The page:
Using Fiscal Data - Civil Society Perspectives

Chapter 3 - Using Fiscal Data: Civil Society Perspectives


The Open Budget Index has been instrumental in establishing the key budget documents that every government should publish. The Open Budget Index, grades governments according to their publication practices (timeliness, how many key documents are published etc.)[1]; the survey does not currently look at the file format of the released documents.

Getting format and content right is vital to ensure data can be used to hold governments to account. In this section, we examine from a user perspective how easy it is to find, get hold of and use that data. We asked the open spending data community (who come from a variety of backgrounds; research, technical, media etc.) what fiscal data they required, what they wanted to do with it , and importantly, how easy it was to obtain and use. The examples demonstrate that simply publishing the data is not enough, attention must also be paid to how the data is published.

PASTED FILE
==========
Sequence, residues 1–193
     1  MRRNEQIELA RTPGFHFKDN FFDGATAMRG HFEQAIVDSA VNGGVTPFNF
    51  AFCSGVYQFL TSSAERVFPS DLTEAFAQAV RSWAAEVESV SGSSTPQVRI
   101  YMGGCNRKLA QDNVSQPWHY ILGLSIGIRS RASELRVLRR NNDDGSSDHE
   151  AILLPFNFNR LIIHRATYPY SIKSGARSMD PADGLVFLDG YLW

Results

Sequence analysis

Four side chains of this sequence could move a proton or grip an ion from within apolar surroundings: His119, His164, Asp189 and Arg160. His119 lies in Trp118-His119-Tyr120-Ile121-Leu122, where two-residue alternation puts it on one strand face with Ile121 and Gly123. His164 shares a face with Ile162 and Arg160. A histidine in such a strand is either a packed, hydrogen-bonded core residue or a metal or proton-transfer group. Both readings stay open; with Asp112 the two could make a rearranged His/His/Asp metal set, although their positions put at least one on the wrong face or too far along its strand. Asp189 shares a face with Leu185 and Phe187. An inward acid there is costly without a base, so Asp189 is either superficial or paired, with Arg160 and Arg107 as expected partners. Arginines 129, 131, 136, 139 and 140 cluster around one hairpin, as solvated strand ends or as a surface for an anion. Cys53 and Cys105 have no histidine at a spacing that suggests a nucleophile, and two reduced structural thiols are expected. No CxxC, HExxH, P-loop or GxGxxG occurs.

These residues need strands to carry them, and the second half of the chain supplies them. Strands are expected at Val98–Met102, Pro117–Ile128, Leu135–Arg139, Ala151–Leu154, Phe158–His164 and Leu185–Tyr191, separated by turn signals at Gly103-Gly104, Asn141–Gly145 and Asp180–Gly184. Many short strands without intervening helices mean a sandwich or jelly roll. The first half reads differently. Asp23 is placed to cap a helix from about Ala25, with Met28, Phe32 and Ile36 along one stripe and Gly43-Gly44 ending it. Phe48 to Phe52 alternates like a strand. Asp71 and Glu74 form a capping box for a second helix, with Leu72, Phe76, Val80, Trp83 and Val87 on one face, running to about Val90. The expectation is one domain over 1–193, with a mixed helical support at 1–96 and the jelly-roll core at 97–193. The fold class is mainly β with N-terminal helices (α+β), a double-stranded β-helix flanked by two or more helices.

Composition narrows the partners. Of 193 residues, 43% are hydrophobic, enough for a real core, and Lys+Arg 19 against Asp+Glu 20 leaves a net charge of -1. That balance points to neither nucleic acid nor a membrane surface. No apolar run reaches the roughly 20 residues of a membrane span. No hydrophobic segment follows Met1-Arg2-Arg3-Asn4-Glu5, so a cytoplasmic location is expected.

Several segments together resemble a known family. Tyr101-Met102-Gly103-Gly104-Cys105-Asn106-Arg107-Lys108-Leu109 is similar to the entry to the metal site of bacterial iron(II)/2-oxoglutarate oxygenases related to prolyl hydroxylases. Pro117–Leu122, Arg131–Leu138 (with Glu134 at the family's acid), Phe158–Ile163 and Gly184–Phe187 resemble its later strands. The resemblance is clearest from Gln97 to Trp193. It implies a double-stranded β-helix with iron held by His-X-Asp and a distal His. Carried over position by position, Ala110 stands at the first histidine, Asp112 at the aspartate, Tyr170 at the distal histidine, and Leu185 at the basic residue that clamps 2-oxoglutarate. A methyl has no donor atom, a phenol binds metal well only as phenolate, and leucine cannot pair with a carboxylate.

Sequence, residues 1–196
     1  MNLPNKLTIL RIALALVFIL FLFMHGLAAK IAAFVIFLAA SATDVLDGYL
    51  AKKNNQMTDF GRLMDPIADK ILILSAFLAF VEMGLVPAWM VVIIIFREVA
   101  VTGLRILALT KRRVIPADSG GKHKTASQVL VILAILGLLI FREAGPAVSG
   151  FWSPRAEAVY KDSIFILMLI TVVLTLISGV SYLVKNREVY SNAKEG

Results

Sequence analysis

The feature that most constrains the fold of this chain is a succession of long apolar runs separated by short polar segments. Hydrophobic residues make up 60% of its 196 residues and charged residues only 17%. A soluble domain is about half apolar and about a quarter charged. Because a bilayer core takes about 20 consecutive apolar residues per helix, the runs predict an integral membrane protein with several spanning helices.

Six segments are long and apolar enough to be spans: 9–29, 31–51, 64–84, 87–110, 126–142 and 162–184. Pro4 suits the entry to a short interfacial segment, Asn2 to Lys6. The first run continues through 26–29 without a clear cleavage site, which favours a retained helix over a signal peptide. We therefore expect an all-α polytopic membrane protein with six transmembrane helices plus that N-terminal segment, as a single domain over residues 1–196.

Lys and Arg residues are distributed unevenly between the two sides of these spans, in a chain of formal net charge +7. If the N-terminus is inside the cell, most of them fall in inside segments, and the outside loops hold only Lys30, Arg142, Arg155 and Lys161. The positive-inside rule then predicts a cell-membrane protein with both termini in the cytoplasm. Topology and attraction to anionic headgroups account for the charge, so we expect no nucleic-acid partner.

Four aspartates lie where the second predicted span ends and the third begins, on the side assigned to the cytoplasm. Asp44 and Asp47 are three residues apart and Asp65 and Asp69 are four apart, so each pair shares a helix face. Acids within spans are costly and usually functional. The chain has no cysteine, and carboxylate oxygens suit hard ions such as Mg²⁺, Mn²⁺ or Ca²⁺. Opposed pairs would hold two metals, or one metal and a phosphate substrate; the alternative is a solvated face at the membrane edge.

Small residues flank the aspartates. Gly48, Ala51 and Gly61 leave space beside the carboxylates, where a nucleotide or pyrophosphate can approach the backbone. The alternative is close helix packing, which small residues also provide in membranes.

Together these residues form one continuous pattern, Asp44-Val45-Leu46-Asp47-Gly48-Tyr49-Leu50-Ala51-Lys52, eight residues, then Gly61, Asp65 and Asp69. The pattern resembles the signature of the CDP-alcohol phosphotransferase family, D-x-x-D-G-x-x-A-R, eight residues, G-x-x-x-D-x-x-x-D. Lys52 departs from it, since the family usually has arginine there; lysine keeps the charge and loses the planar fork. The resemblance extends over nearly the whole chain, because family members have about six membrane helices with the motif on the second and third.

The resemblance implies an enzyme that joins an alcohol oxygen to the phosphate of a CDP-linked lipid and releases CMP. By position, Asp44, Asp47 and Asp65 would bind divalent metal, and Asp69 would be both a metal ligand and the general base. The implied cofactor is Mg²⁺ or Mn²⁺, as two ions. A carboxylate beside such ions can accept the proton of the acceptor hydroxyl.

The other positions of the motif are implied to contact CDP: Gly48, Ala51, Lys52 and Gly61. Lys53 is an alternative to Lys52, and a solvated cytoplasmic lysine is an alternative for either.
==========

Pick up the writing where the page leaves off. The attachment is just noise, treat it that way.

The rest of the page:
Respondents were asked 6 questions:

  1. How does data on government financial processes relate to your work? What is your mission?
  2. How did you get the data?
  3. If you used a government transparency portal to obtain the data, was it user friendly and were you able to find and access all the information you need?
  4. If your government has a transparency portal but you did not use it - please explain why.
  5. Please explain any issues with the data.
  6. What could be done to make your work easier?

The section below contains quotes and in place paraphrased responses from some of the participants interviewed.

[1] Pre-Budget Statement, Executive’s Budget Proposal, Enacted Budget, Citizen’s Budget, (Supplementary budgets), In-Year Reports (Monthly / quarterly), Mid Year Review, Year End Report, Audit Reports.